My assignment for the presentation on (small) family owned businesses was to research and share an organized piece on the international studies of the subject. After several days of searching the internet for appropriate studies, I had gathered enough data to put together a three part report. The three parts consisted first off of an intro, which I believed was enough to be considered its own part, just because of the extremely interesting point that family owned businesses are such a widespread commonality.
Second came the bulk of my research, the description of small family owned businesses under the laws of different countries, specifically those belonging to countries in Europe. Last but not least, I followed up with the importance of small family owned businesses’ impact on the overall economy of Europe, and how they applied. When you think of a small family owned business, you usually think of at least one local business you have known and have used your whole life whether a gas station, kebab imbiss, cafe, restaurant, or car dealership, etc. However, think about if everyone in the world named at least one such business.
Many people would name the some of the same enterprises, but now you can imagine just how many small family owned businesses there are across the world. Because there are so many, not many reports exist that can contain the entire scope of every kind in every country, therefore, my report covers information regarding largely to european studies. Across Europe and in the United States, there is no widely accepted definition or legal description of a “family business”, however there are many criteria that if met by a small business, can be used to classify a business as such.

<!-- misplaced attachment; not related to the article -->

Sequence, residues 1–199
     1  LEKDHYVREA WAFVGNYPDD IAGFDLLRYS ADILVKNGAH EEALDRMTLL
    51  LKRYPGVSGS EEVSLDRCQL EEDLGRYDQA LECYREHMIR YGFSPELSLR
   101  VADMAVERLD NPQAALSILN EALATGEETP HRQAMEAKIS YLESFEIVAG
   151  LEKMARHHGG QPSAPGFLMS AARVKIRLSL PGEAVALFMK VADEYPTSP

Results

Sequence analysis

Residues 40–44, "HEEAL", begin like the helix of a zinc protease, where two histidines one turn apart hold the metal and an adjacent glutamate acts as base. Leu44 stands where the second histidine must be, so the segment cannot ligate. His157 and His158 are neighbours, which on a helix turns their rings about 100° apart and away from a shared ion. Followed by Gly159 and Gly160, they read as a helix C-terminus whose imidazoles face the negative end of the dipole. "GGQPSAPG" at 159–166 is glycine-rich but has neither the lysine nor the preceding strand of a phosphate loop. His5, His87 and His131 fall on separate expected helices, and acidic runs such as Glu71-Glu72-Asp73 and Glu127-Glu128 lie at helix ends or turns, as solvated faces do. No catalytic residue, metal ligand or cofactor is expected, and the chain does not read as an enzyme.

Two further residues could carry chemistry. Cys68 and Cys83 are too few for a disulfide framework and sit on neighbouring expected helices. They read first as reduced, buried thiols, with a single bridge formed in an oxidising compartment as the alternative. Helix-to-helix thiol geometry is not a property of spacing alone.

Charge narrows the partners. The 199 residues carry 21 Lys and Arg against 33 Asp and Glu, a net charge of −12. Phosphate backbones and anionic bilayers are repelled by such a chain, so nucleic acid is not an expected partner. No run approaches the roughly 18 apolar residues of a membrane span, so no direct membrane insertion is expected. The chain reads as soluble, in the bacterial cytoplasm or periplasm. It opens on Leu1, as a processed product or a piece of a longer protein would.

Few countries legal codes actually mention regulations in which small businesses are referred and partially defined, but can vary easily from each other such as the Austrian regional agricultural legislation stating “a family business defined as any autonomous economic entity regularly and sustainably providing for the farming family’s income” to the Italian Civil Code which describes family businesses as “enterprises in which members of the family unit work and have ownership.
For most cases, instead looking for derelict, briefly mentioned bits of code referring to family business, a group of common “soft” and “hard” criteria has been identified(#3). Soft criteria includes: o family relations affect the assignment of the management o family indirectly runs the company o “major family influence/dominance” of the management (in terms of strategic decisions) o “significant proportion” of the enterprises’ senior management o “most important decision” made by the family o “family control” of the management of the enterprise at least 2 generations having had control over the enterprise Hard criteria includes more legitimate and quantifiable proof such as: o CEO has to be a family member o 1 family member is actively involved in the operative management of the company o More than 1 family member in the management o CEO and at least 1 management team member stems from the family o At least 2 directors/board members stem from the family o At least 3 board or staff members stem from the family o Majority of the management team stem from the family